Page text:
In Central America, trade secrets are generally regulated by industrial property laws, within the framework of the repression of unfair competition. Guatemala, El Salvador, Honduras, Nicaragua, and Panama regulate trade secrets in their industrial property laws, while Costa Rica has a specific law to deal with it: the Undisclosed Information Law.
In all the national legislations of the region, we find a similar and general definition of “trade secret”. Is subject to protection as a trade secret any information:
- at market value,
- which is not generally known or readily available to persons who belong to the circles in which such information is normally used, and
- whose rightful owner has taken reasonable steps to keep it secret.
All Central American countries have the same general provisions regarding the requirements for protecting industrial property considered a trade secret and the measures to be taken against infringements, with some differences. For example, in Costa Rica, the Undisclosed Information Law regulates a type of repository (deposit) of physical media on which undisclosed information is contained. The deposit is kept by the Registry of Industrial Property; despite the existence of a repository, it is rarely used. Honduras, on the other hand, does not have specific regulations governing the applicability and enforcement of trade secrets.
Regarding the enforcement of trade secrets in the region, in all countries it is possible to initiate civil and criminal proceedings.
In much of Central America, trade secret regulations are limited and there are no clear enforcement procedures. This is why protecting information by labeling it a trade secret is not commonly used here.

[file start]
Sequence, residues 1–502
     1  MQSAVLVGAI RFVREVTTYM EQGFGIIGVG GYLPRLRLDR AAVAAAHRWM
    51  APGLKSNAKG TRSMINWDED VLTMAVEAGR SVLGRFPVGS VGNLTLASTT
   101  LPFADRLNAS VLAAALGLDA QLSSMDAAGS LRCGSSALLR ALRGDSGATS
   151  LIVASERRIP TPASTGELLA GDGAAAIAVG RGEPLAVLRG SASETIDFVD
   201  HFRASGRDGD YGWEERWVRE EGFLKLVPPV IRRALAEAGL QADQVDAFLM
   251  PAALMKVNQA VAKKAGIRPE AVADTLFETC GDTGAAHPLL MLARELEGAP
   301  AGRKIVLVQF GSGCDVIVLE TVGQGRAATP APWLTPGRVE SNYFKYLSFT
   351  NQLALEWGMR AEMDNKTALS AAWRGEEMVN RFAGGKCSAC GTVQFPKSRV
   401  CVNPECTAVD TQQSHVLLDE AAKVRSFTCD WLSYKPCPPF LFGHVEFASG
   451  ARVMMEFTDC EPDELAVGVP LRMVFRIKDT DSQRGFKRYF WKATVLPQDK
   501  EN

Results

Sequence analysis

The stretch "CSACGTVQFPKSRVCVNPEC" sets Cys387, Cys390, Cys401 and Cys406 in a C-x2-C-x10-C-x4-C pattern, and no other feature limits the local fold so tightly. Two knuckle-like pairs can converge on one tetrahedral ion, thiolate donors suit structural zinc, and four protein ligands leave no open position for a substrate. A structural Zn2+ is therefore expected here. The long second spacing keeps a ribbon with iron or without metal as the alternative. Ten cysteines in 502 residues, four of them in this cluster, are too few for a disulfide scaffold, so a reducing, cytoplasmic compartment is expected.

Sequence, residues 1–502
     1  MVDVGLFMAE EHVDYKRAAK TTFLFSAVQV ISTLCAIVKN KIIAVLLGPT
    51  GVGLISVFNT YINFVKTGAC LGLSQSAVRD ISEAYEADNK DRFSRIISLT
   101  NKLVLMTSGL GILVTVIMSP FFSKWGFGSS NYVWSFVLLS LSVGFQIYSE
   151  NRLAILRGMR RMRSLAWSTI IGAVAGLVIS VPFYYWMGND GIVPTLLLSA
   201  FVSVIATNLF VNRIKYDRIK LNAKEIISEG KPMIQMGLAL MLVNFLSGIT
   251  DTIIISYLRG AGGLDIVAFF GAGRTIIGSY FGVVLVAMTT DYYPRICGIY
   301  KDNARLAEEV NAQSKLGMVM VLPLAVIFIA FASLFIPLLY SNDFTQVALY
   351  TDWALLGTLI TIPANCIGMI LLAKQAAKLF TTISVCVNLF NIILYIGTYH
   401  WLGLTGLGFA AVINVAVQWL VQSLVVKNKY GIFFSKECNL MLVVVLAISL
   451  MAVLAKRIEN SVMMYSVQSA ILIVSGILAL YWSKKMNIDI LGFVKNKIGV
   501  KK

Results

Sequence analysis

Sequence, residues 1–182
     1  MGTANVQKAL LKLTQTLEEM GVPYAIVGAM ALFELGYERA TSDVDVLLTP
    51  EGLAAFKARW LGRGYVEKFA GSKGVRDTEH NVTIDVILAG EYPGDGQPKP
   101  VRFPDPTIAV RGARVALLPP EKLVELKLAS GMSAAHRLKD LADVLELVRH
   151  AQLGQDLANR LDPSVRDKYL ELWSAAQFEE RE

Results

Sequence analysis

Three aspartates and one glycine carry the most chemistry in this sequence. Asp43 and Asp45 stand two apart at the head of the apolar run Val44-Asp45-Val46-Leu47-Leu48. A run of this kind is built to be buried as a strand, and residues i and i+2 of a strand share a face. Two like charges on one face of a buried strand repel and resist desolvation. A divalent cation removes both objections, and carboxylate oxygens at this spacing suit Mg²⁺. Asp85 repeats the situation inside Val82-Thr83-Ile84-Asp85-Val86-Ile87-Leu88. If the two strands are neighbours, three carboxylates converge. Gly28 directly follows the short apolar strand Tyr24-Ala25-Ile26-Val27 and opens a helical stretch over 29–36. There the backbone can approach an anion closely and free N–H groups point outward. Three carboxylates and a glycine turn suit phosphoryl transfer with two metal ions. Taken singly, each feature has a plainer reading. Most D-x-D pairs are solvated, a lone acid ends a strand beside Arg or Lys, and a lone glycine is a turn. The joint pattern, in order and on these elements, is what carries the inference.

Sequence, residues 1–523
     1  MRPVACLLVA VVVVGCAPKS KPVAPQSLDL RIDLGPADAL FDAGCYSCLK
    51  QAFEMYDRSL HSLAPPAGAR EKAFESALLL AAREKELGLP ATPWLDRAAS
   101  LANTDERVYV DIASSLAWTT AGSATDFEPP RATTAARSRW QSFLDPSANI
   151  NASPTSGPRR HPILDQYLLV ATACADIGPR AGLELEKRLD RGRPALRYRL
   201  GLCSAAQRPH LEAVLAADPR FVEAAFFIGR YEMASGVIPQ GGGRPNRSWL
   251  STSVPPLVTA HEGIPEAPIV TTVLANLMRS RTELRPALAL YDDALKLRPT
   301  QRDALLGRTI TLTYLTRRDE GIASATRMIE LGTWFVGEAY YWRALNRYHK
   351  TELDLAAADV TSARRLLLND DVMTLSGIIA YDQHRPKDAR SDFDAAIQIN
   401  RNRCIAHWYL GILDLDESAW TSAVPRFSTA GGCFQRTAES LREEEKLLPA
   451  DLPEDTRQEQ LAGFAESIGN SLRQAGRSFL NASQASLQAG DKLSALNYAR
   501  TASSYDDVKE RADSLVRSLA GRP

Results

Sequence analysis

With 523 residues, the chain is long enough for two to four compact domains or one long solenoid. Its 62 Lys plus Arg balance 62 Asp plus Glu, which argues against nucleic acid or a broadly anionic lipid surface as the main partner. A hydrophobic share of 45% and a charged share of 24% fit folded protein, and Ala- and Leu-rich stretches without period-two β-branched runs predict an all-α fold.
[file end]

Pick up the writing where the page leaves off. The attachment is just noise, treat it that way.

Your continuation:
Case law in the region – a recent example
Without comprehensive regulation, trade secrets remain largely untried by judges. A recent judgment in Guatemala regarding trade secrets was issued by the Constitutional Court (the highest court in the country) in 2019.
Court ruled in case of former employee sued for breach of nondisclosure and noncompetition agreement; the court had to determine whether the agreement was sufficient to prove the existence of a trade secret; it also analyzed the compliance of each element necessary for the information to be considered a trade secret.
The Court determined that: (i) the adoption of a confidentiality clause is part of the measures necessary to protect a trade secret; however, (ii) the information available to the Respondent could not be protected as a trade secret because: (a) it was obtained prior to the commencement of the employment relationship with the Complaining Entity ; and (b) the information did not comply with the presupposition established in Guatemalan industrial property law that such information should not be generally known or readily available to persons within the circle in which such information is used.
Trade secrets still have a lot of development potential in the region, and it is essential to further explore the concept and seek ways to develop its application.